At The Heart of conflict is fear When conflict erupts it can devastate individuals and community’s. It fractures families and causes long-standing animosity between nations and states. The underlying emotion at the heart of most conflict situations is fear. Whether it is the threat of dispossession, loss of friends or family or the fear of death itself, Fear almost always is at the centre of conflict. Those who are unable to navigate themselves through times of fear can most often expect to achieve a frightened illogical response.
As implied before according to H.P Lovecraft “the oldest and strongest emotion of mankind is fear, and the oldest and strongest kind of fear is fear of the unknown. Horror can be defined as an emotion that deals with fear of the unknown, revulsion and or disgust. Both ‘The Most Dangerous Game’ and ‘Quarantine’ show horror. In ‘The Most Dangerous Game’ horror is shown when General Zaroff reveals the new animal he began hunting is human, this shows
Fear For many, most vivid memories are conceived from times of fear. Our brains etch the memories into our brains from the adrenaline it gives us, which is called flashbulb memory. Fear makes people uncomfortable, especially since there are so many things to be afraid of. The fears of spiders, heights, failure, disease, getting injured, and that’s just to name a few. Peoples first reaction to anything is to go back to their comfort place, when someone watches a scary movie, their comfort zone would be closing their eyes.
Fear is defined as a distressing emotion aroused by impending danger, evil, or pain. In the play The Crucible, written by Arthur Miller, which depicts a time of panic, false accusation, and wrongful executions , all caused by one thing fear is present in everyone’s life at some time or another in the story. The feeling of fear overall plays a very important role in everyone’s life in the play. In a puritan society, in which reputation plays such an important role, the fear of guilt by affiliation becomes decidedly harmful. Knowing this townsfolk of Salem must fear that the sins of their friends will stain their names.
Things Fall Apart: Fear as a dominating factor Fear is an emotion induced by a perceived threat which causes entities to quickly pull far away from it and usually hide. It is a basic survival mechanism occurring in response to a specific stimulus, such as pain or the threat of danger. Things fall Apart is a critically-acclaimed novel known all over the world. The story of a man whose life is dominated by his fears. Fear is pervasive throughout the novel.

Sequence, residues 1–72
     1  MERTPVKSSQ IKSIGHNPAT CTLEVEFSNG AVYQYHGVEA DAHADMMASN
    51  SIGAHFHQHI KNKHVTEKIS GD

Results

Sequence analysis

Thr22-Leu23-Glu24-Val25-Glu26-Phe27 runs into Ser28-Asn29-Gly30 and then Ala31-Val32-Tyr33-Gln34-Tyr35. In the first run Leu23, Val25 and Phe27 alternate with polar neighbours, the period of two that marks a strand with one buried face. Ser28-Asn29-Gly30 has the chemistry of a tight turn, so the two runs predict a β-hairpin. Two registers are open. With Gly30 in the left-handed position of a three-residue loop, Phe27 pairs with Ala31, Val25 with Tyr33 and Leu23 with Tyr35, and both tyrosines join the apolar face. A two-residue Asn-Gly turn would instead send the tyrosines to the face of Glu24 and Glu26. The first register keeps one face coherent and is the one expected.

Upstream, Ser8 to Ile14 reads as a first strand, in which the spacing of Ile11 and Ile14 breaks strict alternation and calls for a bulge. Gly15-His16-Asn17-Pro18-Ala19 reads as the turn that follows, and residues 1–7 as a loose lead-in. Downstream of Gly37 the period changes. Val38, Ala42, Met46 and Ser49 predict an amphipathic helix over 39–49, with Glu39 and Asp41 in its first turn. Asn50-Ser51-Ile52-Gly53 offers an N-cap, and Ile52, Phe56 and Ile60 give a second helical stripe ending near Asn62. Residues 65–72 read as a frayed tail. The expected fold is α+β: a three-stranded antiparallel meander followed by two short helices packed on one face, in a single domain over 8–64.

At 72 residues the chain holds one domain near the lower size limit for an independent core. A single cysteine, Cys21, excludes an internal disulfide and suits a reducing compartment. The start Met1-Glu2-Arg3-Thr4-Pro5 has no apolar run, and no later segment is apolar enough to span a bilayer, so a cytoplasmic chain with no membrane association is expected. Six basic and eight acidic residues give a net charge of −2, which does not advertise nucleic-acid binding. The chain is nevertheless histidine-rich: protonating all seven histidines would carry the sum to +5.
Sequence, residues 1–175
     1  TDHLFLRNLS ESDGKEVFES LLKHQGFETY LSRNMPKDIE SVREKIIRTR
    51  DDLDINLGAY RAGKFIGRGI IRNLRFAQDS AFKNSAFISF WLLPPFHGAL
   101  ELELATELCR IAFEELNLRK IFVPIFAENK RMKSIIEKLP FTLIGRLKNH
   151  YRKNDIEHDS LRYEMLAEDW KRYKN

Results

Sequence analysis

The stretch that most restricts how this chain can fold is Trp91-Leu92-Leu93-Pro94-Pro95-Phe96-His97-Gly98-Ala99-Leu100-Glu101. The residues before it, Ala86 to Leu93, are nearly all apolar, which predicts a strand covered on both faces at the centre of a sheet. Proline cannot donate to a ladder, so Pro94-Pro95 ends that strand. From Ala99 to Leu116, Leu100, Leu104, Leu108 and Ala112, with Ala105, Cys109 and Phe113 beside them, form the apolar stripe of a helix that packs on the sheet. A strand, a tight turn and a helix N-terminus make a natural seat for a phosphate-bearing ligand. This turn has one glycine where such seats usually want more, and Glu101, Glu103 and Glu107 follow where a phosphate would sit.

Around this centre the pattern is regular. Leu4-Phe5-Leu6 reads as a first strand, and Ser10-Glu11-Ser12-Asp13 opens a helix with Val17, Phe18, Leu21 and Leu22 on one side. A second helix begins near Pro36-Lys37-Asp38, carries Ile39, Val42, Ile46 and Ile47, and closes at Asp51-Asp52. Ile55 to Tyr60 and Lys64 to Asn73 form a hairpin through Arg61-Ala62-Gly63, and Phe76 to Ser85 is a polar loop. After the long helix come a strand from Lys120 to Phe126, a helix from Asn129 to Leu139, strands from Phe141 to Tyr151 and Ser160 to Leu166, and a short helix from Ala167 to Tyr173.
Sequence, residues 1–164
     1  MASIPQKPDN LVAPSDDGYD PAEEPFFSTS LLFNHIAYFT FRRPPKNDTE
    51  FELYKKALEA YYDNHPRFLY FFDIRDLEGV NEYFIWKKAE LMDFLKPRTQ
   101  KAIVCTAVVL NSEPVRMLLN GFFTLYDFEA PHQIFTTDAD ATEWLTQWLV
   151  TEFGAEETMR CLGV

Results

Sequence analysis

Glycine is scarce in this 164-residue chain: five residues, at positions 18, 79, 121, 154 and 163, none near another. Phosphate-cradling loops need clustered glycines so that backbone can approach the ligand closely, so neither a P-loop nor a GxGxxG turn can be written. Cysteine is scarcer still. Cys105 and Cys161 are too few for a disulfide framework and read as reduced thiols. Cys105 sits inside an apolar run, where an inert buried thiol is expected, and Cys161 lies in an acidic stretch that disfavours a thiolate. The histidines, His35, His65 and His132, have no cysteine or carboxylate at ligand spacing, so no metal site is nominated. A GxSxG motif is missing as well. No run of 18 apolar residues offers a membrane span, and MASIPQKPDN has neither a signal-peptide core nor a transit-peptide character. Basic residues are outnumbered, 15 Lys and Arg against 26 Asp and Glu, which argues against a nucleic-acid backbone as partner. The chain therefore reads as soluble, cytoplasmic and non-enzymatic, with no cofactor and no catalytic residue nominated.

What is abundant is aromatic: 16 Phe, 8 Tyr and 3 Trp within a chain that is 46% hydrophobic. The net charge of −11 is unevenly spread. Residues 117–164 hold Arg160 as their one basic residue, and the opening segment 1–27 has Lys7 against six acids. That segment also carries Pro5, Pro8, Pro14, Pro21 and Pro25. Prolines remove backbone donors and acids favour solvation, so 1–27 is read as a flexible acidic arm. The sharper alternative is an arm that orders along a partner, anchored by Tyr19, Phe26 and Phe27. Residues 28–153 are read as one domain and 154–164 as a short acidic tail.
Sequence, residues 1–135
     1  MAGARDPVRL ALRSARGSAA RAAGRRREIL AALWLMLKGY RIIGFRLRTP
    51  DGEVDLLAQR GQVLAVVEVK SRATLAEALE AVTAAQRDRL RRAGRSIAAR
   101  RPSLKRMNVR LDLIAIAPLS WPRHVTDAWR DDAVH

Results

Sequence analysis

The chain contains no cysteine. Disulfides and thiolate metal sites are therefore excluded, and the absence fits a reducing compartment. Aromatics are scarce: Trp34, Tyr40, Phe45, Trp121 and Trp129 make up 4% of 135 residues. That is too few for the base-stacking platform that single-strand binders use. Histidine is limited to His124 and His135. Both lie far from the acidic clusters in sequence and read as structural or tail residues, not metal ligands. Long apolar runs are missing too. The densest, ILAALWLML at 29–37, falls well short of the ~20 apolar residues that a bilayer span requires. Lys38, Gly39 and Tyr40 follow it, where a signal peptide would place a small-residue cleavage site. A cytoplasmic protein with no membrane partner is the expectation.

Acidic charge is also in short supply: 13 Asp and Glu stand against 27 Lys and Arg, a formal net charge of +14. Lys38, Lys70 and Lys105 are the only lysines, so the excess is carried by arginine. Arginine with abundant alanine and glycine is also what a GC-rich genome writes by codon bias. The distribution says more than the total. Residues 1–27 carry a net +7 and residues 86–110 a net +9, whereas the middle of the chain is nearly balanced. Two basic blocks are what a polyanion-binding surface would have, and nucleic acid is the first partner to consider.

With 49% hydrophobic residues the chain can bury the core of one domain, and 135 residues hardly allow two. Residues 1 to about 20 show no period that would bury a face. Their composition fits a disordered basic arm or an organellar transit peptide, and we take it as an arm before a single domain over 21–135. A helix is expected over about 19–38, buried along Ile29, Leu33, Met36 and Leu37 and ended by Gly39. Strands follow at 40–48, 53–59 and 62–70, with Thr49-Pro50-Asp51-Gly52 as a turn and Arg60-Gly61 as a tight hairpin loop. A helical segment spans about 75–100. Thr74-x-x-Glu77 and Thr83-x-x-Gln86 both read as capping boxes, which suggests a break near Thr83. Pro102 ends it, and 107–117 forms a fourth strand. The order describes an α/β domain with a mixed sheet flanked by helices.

When an individual makes a life altering choice, multiple events can happen within those actions. Our choices can affect everything, from our friends, family, and especially within oneself. When an individual makes a life altering choice, fear and foresight interplay within themselves as a scale, going wither on way or the other. Within William Shakespeare’s Hamlet, Hamlet throughout the play has a fascination with death. Within this symbolism we see that in fact Hamlet is referring to fear and foresight that comes with death, and how those tow are interplayed by our perception; fear is what happens when foresight has been lost, and foresight is what happens to us when fear is not lost, but when we are not affected by it.
They are also left with a new sudden fear that may lead to uncontrollable, obsessive thoughts of fear and panic. Even if there is nothing to provoke anxiety, the haunting images and thoughts caused from a horror flick can cause excessive worry and tension. Anxiety is a normal emotion that everyone experiences. However, with the frightening visuals and suddenly loud sounds of a certain film, this emotion is rapidly increased and may lead to anxiety disorders. Often movies try to portray a certain image to reach a certain demographic.
The most basic is the ongoing clash between the Montague and Capulet families. In the chorus, one is told that the feud has been going on for centuries. Therefore, members of both families are predisposed to think badly of one another. Romeo and Juliet, by Shakespeare, is a play, which shows how prejudice leads to escalating violence. Prejudice leads to violence shown in the play when the feuding families, the Montagues and Capulets fight.
Lusting after the acquisition of power and having control over others, as well as using violence as a means to achieve it, is all a part of human nature. Throughout history, powerful figures have been feared because of some privileges they may have had. These figures used this fear and abused it in order to maintain or get more power. Clearly, violence evokes terror and apprehension over a person and allows the feared to overpower and dictate a person’s actions, mindset, and emotions. The use of fear and intensity by a feared figure compels people to subconsciously act in a certain way.
Stanley Cohen termed moral panic as a process, pointing to groups of people which are seen as threaten to the society, the version of this view stresses for breakdown of family life, threatening aggression, alcohol and drug abuse, lack of respect for others and so on, also amplified by the media and politicians, leading for stronger laws and radical changes in the contemporary society. All of those situations are pointed by Cohen as irrational as it is out of the real proportion of the actual behaviour, which is reinforced by the way in which those groups are presented by media, this presentation causes fear, labelling people as folk-devil give a sense of distinct evil rather then a normal people which does things to live as everyone does. Also there are other factors that can be considered to explain disorderly behaviour such as low intelligence, some people are inherent violent and anti-social, susceptibility or weakness, inequality. Those natural implications can be a grateful factor for how people